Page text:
In today’s classrooms, students need more than academic knowledge to thrive in college, careers and beyond. As a result, educators are dually tasked with increasing core subject comprehension and developing 21st-century skills, especially in STEM. Project-based learning (PBL) is designed to do both.

By inviting students to solve real-world challenges in their own community, we can draw the connection between these modern skills and the changing world around us.

It’s safe to assume we all have a general understanding of PBL, and many of us have likely experimented with its use in the classroom. However, adopting PBL as regular practice is not an overnight task.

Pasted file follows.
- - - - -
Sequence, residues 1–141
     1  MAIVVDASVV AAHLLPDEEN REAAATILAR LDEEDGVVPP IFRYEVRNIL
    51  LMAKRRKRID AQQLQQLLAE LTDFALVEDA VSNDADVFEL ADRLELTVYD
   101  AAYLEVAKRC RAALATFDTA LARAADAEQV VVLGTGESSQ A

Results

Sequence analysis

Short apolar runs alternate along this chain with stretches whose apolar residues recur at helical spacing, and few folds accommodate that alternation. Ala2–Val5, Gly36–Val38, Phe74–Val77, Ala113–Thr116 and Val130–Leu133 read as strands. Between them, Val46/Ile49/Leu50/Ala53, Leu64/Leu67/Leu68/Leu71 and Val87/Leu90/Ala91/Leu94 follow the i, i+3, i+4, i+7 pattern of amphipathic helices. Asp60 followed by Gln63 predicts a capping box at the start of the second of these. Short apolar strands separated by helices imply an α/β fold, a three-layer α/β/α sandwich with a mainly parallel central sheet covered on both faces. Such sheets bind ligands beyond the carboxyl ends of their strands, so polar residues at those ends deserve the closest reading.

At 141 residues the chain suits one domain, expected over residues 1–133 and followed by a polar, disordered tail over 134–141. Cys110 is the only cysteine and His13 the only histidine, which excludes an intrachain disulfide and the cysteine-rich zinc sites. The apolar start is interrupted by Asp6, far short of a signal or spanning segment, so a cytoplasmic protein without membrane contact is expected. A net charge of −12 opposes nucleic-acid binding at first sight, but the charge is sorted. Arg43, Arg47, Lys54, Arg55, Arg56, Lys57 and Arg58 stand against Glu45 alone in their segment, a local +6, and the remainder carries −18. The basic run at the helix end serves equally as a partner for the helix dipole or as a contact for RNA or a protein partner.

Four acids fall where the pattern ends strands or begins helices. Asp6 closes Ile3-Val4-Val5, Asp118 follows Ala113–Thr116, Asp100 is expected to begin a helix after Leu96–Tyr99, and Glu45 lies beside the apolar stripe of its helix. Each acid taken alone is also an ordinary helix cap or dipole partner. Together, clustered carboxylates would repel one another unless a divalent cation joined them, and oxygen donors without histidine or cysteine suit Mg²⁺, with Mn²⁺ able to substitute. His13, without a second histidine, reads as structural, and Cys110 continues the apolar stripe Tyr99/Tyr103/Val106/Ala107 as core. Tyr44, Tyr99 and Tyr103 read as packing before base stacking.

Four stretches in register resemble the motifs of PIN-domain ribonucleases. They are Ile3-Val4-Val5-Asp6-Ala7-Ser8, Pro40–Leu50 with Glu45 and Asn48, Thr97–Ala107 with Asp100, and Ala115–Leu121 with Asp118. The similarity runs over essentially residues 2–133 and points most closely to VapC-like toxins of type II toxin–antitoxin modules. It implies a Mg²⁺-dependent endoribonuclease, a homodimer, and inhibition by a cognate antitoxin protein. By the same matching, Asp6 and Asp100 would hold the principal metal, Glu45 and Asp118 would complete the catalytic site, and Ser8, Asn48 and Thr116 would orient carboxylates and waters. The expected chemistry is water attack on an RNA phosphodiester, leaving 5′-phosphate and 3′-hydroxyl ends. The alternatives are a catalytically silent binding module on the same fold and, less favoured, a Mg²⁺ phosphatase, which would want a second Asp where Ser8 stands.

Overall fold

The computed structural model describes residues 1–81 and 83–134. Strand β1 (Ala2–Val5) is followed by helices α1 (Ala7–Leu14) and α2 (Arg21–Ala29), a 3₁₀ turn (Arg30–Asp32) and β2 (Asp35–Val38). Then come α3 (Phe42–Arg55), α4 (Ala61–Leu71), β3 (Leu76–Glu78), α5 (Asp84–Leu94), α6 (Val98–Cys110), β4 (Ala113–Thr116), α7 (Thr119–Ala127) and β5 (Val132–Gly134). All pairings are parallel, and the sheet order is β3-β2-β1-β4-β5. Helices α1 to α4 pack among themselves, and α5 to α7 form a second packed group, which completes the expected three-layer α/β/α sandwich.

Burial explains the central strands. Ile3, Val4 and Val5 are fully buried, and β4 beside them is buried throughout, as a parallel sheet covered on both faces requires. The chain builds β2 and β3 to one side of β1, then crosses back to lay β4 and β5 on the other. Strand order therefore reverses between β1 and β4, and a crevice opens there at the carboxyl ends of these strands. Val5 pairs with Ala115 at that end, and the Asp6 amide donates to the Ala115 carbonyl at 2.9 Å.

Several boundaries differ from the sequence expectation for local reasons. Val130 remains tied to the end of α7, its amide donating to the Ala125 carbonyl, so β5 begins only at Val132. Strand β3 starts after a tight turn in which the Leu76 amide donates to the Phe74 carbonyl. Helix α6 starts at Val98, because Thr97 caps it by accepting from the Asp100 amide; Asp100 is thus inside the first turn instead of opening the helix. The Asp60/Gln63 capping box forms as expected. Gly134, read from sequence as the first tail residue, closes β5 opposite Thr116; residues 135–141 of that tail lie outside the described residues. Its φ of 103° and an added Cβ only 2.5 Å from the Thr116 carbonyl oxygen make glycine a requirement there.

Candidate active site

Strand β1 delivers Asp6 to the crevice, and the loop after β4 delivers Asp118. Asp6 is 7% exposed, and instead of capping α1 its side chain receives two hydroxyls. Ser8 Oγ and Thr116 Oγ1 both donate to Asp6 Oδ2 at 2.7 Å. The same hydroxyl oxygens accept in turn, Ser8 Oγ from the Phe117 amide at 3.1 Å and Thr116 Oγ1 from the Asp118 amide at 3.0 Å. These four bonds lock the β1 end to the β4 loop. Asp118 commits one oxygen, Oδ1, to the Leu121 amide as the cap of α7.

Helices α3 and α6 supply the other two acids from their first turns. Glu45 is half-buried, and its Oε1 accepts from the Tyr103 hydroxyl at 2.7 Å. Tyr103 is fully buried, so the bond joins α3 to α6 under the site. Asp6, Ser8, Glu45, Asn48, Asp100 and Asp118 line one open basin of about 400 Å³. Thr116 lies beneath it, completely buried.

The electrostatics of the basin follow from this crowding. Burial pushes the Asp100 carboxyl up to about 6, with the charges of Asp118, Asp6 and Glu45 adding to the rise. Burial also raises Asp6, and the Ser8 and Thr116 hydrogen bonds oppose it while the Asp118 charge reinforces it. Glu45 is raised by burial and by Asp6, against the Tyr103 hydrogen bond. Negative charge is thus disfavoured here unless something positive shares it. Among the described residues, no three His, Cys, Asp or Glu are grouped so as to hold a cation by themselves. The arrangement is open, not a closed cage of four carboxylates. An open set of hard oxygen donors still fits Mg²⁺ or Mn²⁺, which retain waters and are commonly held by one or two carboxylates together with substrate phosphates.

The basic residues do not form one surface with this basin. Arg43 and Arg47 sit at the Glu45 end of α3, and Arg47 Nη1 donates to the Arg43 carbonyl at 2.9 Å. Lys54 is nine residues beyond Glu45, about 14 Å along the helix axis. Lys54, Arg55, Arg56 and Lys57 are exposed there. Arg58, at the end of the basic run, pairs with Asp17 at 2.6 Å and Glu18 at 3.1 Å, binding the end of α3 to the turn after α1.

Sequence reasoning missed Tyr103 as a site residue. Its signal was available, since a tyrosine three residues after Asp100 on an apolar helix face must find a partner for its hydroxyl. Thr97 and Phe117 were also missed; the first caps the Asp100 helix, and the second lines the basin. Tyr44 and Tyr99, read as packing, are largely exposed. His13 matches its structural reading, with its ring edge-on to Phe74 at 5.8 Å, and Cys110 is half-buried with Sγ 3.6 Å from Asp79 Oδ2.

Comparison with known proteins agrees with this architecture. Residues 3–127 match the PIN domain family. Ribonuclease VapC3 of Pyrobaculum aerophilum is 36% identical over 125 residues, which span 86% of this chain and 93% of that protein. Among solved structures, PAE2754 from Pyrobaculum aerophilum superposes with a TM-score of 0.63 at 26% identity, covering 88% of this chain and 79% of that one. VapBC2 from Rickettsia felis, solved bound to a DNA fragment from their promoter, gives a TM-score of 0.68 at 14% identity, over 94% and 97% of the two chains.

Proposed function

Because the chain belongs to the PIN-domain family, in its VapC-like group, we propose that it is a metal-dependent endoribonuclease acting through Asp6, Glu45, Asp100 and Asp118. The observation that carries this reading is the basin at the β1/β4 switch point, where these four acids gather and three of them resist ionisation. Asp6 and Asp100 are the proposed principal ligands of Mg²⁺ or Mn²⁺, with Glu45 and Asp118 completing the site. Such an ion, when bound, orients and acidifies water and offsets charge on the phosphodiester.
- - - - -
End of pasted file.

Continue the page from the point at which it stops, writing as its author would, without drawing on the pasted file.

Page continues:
Related content: Employing a differentiated mindset when teaching STEM

To transition from a traditional approach, consider using TGR EDU: Explore, a collaborative initiative between TGR Foundation and Discovery Education. This is how a project-based learning environment can be implemented in the classroom.

Define 21st-century skills and goals

What exactly are the skills that young people need to master to be successful after school? The National Association of Colleges and Employees identified key college and career competencies as soft skills such as problem solving, leadership and work ethic, in addition to basic technical skills, such as digital fluency.

About the Author:

Sandy Swartz, M.Ed., is an Instructional Technology Trainer in the St. Tammany Parish Public School System.


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